34 minutes | 3 months ago
The Trouble With Phubbing
This week, we talk to Ryan Allred '20 Ph.D. about "phubbing": the act of being too distracted by your phone to give your full attention to the person right in front of you. We also talk with Professor Nathanael Okpych about his book "Climbing a Broken Ladder," which provides insight into how children in foster care can be provided with better opportunities to succeed in college. Finally, we visit 1935, a time when the University was convulsed by debate over, well, debate itself. Follow us on Twitter: @UConnPodcast
32 minutes | 3 months ago
The Voice of the Huskies
This week, we hear from a voice that's very familiar to Husky fans - John Tuite, the PA announcer whose booming tones are an inseparable part of the gameday experience. We also talk with Professor Sandra Chafouleas about ways parents can support their kids during the uncertainty and stress of pandemic-era schooling, and we learn about a member of the Class of 1941 who became a famous foe of the Luftwaffe.
32 minutes | 3 months ago
This week, we speak with School of Fine Arts faculty members Cora Lynn Deibler and Earl MacDonald about the new collaborative work of animation "By Our Love"; student Tomaso Scotti tells us about what it's like to host the My First Year Story podcast; and we learn about a bygone student tradition that is probably best left in the past.
35 minutes | 4 months ago
Stop the Car, There's a Nuclear War!
This week, we talk with Prof. Sharde Davis and Mason Holland '23 (CLAS) about UConn's newly-launched course on antiblack racism; John Bell, director of the Ballard Institute & Museum of Puppetry drops by to talk about engineering and puppetry; and we learn about how the University prepared for nuclear attack at the dawn of the 1960s.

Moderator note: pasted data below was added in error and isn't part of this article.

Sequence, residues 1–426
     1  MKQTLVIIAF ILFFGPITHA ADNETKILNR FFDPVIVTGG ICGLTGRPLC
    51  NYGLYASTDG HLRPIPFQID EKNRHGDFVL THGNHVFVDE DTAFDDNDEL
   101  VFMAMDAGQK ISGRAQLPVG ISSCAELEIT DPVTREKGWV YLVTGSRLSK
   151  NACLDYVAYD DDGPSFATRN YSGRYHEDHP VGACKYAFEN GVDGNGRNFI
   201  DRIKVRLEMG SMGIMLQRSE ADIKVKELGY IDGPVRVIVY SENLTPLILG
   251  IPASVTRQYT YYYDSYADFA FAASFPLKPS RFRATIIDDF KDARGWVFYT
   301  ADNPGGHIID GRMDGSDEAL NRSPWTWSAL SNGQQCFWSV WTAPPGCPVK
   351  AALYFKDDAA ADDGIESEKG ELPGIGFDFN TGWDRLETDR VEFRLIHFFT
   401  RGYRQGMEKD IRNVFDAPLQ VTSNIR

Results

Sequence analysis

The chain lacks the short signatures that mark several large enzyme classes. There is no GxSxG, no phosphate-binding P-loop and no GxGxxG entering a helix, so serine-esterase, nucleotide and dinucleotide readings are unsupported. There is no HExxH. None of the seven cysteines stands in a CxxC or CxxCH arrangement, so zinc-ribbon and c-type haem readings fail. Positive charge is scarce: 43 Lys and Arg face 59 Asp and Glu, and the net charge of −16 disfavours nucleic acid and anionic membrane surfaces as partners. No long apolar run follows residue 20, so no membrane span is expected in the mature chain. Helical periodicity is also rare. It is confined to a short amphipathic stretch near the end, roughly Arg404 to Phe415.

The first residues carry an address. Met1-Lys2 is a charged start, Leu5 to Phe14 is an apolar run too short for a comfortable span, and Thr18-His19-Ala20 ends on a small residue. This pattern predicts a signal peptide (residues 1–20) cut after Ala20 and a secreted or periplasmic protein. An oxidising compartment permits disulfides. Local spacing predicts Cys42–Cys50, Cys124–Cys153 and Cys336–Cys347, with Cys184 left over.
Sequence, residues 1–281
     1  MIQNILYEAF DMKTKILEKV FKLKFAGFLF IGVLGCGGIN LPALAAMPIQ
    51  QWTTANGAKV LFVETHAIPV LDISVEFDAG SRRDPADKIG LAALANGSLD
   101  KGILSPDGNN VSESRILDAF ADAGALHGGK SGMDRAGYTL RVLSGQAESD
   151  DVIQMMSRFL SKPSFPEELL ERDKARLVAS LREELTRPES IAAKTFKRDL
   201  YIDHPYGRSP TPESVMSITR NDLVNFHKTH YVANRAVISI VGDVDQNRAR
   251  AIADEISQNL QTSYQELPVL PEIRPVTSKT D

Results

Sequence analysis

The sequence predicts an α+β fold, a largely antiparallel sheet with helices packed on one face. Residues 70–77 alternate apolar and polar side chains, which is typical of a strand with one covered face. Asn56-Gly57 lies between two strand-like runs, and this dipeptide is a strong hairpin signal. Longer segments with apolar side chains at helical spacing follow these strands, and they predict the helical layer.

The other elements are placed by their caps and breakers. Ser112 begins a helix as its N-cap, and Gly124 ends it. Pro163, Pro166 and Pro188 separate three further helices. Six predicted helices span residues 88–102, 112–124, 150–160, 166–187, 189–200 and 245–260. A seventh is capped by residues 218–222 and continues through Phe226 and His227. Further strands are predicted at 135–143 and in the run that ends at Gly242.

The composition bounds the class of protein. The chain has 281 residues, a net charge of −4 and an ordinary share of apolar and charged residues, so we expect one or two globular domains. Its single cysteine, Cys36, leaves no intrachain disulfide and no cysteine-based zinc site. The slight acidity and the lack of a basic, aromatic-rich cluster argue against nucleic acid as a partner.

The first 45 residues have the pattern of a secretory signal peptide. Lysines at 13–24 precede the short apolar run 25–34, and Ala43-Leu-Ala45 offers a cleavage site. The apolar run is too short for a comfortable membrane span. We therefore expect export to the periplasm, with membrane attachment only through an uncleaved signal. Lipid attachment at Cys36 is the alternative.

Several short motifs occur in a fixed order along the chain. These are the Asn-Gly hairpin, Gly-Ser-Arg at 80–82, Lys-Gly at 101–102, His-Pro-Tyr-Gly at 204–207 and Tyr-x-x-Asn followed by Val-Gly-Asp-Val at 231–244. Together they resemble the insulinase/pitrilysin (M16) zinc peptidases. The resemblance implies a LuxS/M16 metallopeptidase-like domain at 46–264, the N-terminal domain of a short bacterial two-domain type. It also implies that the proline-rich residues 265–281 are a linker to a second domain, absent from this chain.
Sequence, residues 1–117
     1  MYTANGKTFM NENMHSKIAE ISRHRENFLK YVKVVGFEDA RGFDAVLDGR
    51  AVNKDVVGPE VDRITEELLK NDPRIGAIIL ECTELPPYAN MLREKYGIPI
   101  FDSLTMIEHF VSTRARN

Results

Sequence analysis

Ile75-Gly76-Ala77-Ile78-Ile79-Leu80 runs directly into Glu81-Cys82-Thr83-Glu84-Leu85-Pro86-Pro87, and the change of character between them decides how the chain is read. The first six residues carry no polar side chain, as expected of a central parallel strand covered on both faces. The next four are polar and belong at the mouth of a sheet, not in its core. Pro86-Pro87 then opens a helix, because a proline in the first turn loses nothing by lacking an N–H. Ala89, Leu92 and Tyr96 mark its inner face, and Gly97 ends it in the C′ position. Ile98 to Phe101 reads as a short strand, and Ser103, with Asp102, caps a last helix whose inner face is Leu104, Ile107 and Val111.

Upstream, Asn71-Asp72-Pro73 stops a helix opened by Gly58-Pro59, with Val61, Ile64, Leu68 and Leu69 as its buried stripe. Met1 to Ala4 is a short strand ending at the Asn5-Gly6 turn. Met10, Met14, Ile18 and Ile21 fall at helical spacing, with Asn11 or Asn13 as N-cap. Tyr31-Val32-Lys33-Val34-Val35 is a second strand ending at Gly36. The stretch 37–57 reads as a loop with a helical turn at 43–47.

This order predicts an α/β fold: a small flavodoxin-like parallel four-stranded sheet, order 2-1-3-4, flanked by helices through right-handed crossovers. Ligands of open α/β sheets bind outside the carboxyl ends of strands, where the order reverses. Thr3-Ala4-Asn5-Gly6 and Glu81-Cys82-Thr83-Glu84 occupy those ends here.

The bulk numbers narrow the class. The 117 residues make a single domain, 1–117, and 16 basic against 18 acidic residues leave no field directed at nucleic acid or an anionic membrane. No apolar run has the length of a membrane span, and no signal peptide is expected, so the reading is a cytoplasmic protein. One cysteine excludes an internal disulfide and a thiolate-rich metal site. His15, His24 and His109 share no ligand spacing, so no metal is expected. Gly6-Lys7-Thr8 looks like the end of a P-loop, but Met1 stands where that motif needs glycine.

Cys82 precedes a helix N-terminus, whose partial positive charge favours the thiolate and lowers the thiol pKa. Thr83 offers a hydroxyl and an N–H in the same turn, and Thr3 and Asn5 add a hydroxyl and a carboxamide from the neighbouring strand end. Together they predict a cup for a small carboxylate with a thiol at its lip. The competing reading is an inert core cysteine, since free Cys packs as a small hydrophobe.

29 minutes | 5 months ago
Sculpting a UConn Tradition
This week, we talk with Larry Wasiele, the sculptor who created the iconic statue of Jonathan that stands in front of Gampel Pavilion, and we look back on a year that many of us would just as soon forget.
31 minutes | 5 months ago
Buying Local, Listening Local, Newspapering Local
This week, we hear from Kenneth Fuchs, professor of music composition, about his new recording with the United States Coast Guard Band; Donald Pendagast '20 MBA talks about how his Curated CT startup is helping local businesses; and we travel back to a time when a house ordered from a Sears catalog was the center of UConn student journalism.
39 minutes | 6 months ago
Back to the Big East
Big East basketball is back! We hear from a variety of voices about the significance of UConn's return to the conference where we became a national powerhouse; we talk to Avinoam Patt, Doris and Simon Konover Chair of Judaic Studies and Director of the Center for Judaic Studies and Contemporary Jewish Life, about the critical importance of understanding the Holocaust in relation to contemporary events; and we learn about the time UConn stood up for Keystone State Huskies.